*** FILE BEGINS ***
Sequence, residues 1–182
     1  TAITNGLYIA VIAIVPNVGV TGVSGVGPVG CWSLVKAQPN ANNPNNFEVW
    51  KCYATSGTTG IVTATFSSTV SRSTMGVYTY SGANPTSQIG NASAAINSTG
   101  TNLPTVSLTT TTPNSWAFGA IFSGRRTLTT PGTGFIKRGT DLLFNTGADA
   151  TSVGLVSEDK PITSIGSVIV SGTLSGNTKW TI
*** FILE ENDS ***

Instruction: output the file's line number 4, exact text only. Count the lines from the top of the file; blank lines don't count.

   101  TNLPTVSLTT TTPNSWAFGA IFSGRRTLTT PGTGFIKRGT DLLFNTGADA